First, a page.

Salt for the Earth: Folks and Followers

Salt for the Earth: Folks and Followers February 15, 2023

Large Salt Flat
(Shujianyang/Wikimedia Commons)

Ye are the salt of the earth: but if the salt have lost his savour, wherewith shall it be salted? it is thenceforth good for nothing, but to be cast out, and to be trodden under foot of men. (Matthew 5:13)

Like so many of the Savior’s teachings, this seemingly simple statement, based on an everyday aspect of His people’s lives, is not about salt, but about people. Salt for the earth represents a commandment, a characterization, and a covenant.

Salt for Preparation

In Christ’s time, some necessities began with salt.


People used salt for preparing the soil to plant. Too much salt would destroy the soil, but the right amount would enrich it.1

As the parable of the sower taught, stony ground lacking earth meant no depth. Shallow seeds and shallow people do not have roots needed to grow; they are easily uprooted.

 Ground containing thorns choked out seeds. Thorny ground and thorny, distracted people do not do well with spiritual matters—too many worldly issues to deal with.

Good ground, carefully prepared with salt, would nourish seeds. Christ needs well prepared ground and well prepared followers.


Salt was used to prepare each sacred sacrifice. Moses taught, “You shall season all your grain offerings with salt. You shall not let the salt of the covenant with your God be missing . . . [W]ith all your offerings you shall offer salt” (Lev. 2:13).

Thus Moses required preparation with salt for the covenant with God.

Ezekiel (43:23-24) also described “casting salt upon” an offering.

Salt for Savor

Those preparing the “good” earth and the temple offerings likely included folks we sometimes call “salt of the earth.” In religious history, some wrote of salt for purity. And cultures worldwide refer to salt for describing honorable conduct, enduring friendship, and warm, open hospitality.2

Versatility, Dependability

Various characteristics have been associated with salt of the earth, including “those who are considered to be of great worth and reliability”3  and “the type of person who deals with difficult or demanding situations without making any unnecessary fuss.”4

Salt is such a common flavoring that we may not notice it. Salt has a mild flavor, and is easily blended with stronger flavoring for special effects. A person who is salt of the earth blends and coordinates easily, without seeking attention or praise; a supportive role does not bother this individual.

In his book Our Day Star Rising (2022), Jeffrey R. Holland praised folks who contribute as salt for the earth,

All but a prophetic few must go about God’s work in very quiet, very unspectacular ways.  And as you labor to know Him and to know that He knows you; as you invest your time—and inconvenience—in quiet unassuming service, you will indeed find that His angels . . .  shall bear thee up” (Matthew 4:6). It may not   . . . probably won’t come quickly, but there is purpose in the time it takes.5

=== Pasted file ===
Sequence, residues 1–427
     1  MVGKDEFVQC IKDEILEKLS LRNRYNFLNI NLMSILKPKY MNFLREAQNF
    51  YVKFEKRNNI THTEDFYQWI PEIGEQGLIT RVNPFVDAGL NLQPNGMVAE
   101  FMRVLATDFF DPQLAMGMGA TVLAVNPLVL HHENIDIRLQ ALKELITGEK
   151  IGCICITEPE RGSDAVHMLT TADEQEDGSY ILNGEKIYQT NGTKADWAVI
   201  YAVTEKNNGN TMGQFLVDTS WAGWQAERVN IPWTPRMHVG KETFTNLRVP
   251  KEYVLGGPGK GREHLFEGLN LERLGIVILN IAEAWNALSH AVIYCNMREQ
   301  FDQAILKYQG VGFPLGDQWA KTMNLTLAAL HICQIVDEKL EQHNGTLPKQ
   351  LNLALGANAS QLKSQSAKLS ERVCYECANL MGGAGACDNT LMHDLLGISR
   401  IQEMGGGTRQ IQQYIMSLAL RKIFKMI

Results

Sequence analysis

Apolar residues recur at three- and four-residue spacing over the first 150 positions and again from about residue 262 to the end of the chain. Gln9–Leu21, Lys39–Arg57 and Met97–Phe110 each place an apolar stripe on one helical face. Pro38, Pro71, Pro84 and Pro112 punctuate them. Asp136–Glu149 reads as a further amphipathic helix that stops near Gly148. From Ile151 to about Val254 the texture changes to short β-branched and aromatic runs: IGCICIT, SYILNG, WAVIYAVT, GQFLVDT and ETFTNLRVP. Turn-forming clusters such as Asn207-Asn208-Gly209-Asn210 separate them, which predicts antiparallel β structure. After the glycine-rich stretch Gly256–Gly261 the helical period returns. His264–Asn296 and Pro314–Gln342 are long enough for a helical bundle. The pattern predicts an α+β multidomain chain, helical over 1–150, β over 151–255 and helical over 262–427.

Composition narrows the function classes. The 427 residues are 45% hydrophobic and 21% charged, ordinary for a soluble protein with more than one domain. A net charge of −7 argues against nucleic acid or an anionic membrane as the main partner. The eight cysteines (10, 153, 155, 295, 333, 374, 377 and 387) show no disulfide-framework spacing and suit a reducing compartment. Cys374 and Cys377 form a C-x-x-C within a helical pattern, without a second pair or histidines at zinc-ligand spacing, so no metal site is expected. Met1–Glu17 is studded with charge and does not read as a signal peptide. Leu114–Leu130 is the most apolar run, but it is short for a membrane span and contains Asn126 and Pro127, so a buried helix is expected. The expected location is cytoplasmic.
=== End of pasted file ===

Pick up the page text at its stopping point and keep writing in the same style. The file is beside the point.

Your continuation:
People in Christ’s time prized salt for preserving food. Salt does not lose its ability to preserve or flavor unless contaminated with other elements.

The Doctrine and Covenants (101: 39) mentions a historical use of salt for covenant. Joseph Smith received a revelation that “when men are called unto mine everlasting gospel, and covenant with an everlasting covenant, they are accounted as the salt of the earth and the savor of men.”

But those who refuse to be “saviors of men”  are “as salt that has lost its savor, and is henceforth good for nothing but to be cast out and trodden.”  Many contaminating influences attacked these potential salters.

To help provide salt for the earth, we need to keep our salt and our integrity pure.

Salt and Life

 To Survive

Salt is necessary for life—critical in the function of nerve impulses and of body cells. Without it we lose muscle function and ability to smell and taste, as well as to experience tactile impressions.

Earth salters are necessary for our spiritual survival. These followers teach us by precept and by example. Like Christ, they go about doing good: preaching and teaching when called to do so, and healing those who need ministering care.

In Our Day Star Rising, Elder Holland teaches Christ’s followers the importance of living in faith. “When you truly understand . . . you will embrace your faith, live your faith, and declare it to those who are faltering” (p. 28).

We can become earth salters with such faith.

 To Share

Referring again to Doctrine and Covenants 101, recognizing covenant duty as salt of the earth, we can learn from its application by Dallin H. Oaks.

Citing the warning from 1 John 3:13, 18, that the world hates those who live covenants,  he affirmed, “Those who have made the covenant to change have a sacred duty to love and help one another.” He specified, “Encouragement must be extended to every soul who struggles to come out of the culture of the world and into the culture of the gospel of Jesus Christ,” noting John’s teaching to do this “in deed and in truth.”6

 In helping us learn from our Day Star, Elder Holland’s words agree: “I ask you to be a helper, be someone who joins in the work of Christ in lifting burdens, in making the load lighter, in making things better.” He concluded, “In short, I ask you to ‘follow Him’’’(p. 38).

Over 10,000 uses have been estimated for salt in today’s world of burgeoning research and technology. And more astronomical are contributions of persons included in the Savior’s “salt of the earth.” May we each seek out ways to become salt for humanity within a salty world.










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